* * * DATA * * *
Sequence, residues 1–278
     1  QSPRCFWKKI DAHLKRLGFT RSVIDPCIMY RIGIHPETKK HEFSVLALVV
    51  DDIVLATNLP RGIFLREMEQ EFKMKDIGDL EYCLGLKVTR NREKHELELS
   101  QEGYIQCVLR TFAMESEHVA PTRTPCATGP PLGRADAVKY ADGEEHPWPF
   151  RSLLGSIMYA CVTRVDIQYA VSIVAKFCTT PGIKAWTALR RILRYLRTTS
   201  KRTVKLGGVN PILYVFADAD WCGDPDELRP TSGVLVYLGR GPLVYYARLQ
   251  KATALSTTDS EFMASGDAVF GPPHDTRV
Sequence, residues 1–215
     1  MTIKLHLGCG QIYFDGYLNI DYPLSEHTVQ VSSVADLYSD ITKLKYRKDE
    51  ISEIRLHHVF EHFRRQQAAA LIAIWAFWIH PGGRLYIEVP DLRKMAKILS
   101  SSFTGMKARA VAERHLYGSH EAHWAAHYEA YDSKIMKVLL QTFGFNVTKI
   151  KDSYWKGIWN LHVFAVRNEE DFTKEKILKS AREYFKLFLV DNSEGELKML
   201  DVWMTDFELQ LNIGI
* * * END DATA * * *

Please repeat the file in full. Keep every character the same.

Sequence, residues 1–278
     1  QSPRCFWKKI DAHLKRLGFT RSVIDPCIMY RIGIHPETKK HEFSVLALVV
    51  DDIVLATNLP RGIFLREMEQ EFKMKDIGDL EYCLGLKVTR NREKHELELS
   101  QEGYIQCVLR TFAMESEHVA PTRTPCATGP PLGRADAVKY ADGEEHPWPF
   151  RSLLGSIMYA CVTRVDIQYA VSIVAKFCTT PGIKAWTALR RILRYLRTTS
   201  KRTVKLGGVN PILYVFADAD WCGDPDELRP TSGVLVYLGR GPLVYYARLQ
   251  KATALSTTDS EFMASGDAVF GPPHDTRV
Sequence, residues 1–215
     1  MTIKLHLGCG QIYFDGYLNI DYPLSEHTVQ VSSVADLYSD ITKLKYRKDE
    51  ISEIRLHHVF EHFRRQQAAA LIAIWAFWIH PGGRLYIEVP DLRKMAKILS
   101  SSFTGMKARA VAERHLYGSH EAHWAAHYEA YDSKIMKVLL QTFGFNVTKI
   151  KDSYWKGIWN LHVFAVRNEE DFTKEKILKS AREYFKLFLV DNSEGELKML
   201  DVWMTDFELQ LNIGI